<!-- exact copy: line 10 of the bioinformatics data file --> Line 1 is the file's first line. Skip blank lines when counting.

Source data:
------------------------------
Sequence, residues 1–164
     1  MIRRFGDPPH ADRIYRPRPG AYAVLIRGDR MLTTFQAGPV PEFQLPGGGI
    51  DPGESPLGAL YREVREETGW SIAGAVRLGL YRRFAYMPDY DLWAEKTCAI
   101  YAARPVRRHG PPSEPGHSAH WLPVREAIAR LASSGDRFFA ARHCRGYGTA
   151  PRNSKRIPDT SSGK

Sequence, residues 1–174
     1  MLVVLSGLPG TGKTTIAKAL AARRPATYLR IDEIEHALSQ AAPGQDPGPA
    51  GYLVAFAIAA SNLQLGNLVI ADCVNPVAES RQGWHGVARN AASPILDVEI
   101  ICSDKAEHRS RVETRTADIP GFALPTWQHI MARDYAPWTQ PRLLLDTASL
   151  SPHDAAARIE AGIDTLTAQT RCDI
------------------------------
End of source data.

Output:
   151  SPHDAAARIE AGIDTLTAQT RCDI